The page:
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The adoption of high involvement work practices in Canadian nursing homes

The adoption of high involvement work practices in Canadian nursing homes Purpose – The objective of the research is to assess the degree of adoption of high‐involvement nursing work practices in long‐term care organizations. It seeks to determine the organizational and workplace factors that are associated with the uptake/adoption of ten selected human resource high‐involvement employee work practices. Design/methodology/approach – A survey questionnaire was sent to 300 long‐term care organizations (nursing homes) in western Canada. Results from 125 nursing home establishments (43 percent response rate) are reported herein. Findings – Of the ten high‐involvement nursing work practices examined, employee suggestion and recognition systems are the most widely adopted by homes in the sample, while shared governance and incentive/merit‐base pay are used by a small minority of establishments. Practical implications – The uptake of high‐involvement nursing work practices is not adopted in a haphazard fashion. Their uptake is variously associated with a number of establishment and workplace factors, including the presence of a supportive and enabling workplace culture. Originality/value – The objective of this research is to examine the extent and degree of adoption of high involvement work practices in a sample of long‐term care establishments operating in the four provinces of western Canada. http://www.deepdyve.com/assets/images/DeepDyve-Logo-lg.png Leadership in Health Services Emerald Publishing

The adoption of high involvement work practices in Canadian nursing homes

Leadership in Health Services , Volume 20 (1): 11 – Feb 13, 2007

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References (38)

Publisher
Emerald Publishing
Copyright
Copyright © 2007 Emerald Group Publishing Limited. All rights reserved.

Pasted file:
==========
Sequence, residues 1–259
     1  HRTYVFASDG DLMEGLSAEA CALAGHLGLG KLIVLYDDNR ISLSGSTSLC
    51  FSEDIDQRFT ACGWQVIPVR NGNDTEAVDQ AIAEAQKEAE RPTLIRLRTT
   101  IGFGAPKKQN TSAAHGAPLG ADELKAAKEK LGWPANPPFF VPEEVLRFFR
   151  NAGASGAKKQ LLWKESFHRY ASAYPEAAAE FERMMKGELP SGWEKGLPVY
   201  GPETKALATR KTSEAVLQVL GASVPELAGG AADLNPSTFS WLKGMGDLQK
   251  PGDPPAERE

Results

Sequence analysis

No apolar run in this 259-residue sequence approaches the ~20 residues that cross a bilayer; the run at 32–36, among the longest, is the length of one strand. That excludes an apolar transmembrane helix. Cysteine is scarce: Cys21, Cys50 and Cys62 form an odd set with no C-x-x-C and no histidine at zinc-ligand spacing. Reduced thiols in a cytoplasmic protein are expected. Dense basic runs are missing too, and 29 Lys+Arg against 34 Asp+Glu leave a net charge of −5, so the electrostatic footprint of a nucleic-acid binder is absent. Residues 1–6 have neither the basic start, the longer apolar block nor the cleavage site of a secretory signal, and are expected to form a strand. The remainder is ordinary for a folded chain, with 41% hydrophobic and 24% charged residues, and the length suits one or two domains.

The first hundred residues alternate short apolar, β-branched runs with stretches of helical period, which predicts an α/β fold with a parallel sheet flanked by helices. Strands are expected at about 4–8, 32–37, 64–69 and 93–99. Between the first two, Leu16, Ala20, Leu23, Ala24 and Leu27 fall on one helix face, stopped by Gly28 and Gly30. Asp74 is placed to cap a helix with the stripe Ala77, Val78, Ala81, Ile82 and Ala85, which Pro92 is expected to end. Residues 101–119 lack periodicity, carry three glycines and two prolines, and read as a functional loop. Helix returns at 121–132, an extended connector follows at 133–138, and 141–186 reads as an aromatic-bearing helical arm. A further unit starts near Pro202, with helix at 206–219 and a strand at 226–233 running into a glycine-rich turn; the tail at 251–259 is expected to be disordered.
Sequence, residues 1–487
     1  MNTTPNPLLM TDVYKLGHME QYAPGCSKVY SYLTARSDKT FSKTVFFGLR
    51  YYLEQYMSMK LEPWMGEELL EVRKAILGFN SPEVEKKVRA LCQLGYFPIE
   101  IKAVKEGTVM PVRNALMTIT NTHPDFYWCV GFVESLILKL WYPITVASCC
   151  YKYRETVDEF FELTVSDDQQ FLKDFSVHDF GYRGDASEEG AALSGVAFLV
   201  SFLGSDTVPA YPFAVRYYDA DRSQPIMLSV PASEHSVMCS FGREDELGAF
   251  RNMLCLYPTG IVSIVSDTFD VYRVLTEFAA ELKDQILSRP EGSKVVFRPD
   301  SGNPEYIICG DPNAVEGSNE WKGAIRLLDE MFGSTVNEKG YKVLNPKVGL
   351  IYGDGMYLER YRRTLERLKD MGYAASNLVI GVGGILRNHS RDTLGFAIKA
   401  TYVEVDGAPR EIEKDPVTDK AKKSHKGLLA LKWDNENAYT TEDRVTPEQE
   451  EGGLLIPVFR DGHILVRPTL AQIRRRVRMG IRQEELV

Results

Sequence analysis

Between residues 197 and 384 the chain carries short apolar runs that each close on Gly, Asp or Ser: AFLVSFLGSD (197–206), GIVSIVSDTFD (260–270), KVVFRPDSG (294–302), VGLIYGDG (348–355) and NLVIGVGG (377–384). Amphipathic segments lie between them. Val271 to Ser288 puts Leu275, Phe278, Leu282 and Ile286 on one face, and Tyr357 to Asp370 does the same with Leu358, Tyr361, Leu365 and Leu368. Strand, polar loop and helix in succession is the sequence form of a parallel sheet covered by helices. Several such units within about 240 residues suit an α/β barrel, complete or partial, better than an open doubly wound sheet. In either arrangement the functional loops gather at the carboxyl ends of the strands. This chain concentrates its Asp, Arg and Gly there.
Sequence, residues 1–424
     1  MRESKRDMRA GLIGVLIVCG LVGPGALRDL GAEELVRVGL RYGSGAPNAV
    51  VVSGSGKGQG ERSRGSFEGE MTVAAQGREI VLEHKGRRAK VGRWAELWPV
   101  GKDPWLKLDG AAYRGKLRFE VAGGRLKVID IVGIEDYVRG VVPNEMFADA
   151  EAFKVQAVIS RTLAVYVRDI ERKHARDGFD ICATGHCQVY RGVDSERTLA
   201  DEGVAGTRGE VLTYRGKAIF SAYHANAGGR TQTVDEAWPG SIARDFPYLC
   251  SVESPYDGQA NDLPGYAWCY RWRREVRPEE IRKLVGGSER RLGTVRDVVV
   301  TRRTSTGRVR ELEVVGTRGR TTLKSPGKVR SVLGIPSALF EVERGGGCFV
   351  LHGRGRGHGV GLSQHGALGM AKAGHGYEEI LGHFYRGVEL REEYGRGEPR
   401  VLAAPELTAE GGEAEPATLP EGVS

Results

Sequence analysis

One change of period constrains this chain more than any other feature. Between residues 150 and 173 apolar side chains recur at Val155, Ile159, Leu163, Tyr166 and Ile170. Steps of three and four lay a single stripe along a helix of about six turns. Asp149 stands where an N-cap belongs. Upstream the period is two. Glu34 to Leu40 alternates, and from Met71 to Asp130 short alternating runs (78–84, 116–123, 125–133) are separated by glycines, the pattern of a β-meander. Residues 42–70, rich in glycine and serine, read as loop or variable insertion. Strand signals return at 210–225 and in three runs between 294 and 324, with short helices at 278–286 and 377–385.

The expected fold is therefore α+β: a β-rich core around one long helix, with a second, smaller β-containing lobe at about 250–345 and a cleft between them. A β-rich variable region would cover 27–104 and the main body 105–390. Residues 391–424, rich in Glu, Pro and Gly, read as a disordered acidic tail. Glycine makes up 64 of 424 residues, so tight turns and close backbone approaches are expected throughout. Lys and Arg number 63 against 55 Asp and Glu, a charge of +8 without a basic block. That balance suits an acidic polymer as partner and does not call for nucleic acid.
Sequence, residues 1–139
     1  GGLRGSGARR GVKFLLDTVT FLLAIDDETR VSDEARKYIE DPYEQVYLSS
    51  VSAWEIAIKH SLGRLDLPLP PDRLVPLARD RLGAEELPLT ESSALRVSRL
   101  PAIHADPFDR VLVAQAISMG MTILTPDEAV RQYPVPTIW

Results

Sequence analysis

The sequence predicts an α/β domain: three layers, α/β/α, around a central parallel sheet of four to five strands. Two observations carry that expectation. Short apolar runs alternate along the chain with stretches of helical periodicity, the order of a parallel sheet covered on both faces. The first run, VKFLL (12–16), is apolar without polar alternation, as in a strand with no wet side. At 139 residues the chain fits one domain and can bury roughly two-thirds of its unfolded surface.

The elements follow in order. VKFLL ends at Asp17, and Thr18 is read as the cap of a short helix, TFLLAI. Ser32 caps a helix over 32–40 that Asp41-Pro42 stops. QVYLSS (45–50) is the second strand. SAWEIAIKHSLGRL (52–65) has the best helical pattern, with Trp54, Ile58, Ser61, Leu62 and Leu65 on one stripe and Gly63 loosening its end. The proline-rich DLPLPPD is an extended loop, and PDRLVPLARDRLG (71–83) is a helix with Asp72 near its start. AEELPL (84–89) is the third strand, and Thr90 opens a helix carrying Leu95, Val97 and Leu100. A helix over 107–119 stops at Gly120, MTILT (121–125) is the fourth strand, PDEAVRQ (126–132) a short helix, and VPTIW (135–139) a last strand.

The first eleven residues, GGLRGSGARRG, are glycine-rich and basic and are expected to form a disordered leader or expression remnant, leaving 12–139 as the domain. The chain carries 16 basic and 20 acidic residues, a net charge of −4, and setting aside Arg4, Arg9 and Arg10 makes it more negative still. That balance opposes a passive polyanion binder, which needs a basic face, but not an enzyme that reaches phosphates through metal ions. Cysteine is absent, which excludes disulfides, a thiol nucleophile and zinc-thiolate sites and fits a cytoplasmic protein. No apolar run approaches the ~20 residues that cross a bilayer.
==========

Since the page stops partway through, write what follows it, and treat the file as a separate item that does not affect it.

ISSN
1751-1879
DOI
10.1108/17511870710721453
Publisher site
See Article on Publisher Site

Abstract

Purpose – The objective of the research is to assess the degree of adoption of high‐involvement nursing work practices in long‐term care organizations. It seeks to determine the organizational and workplace factors that are associated with the uptake/adoption of ten selected human resource high‐involvement employee work practices. Design/methodology/approach – A survey questionnaire was sent to 300 long‐term care organizations (nursing homes) in western Canada. Results from 125 nursing home establishments (43 percent response rate) are reported herein. Findings – Of the ten high‐involvement nursing work practices examined, employee suggestion and recognition systems are the most widely adopted by homes in the sample, while shared governance and incentive/merit‐base pay are used by a small minority of establishments. Practical implications – The uptake of high‐involvement nursing work practices is not adopted in a haphazard fashion. Their uptake is variously associated with a number of establishment and workplace factors, including the presence of a supportive and enabling workplace culture. Originality/value – The objective of this research is to examine the extent and degree of adoption of high involvement work practices in a sample of long‐term care establishments operating in the four provinces of western Canada.

Journal

Leadership in Health ServicesEmerald Publishing

Published: Feb 13, 2007

Keywords: Nursing homes; Canada

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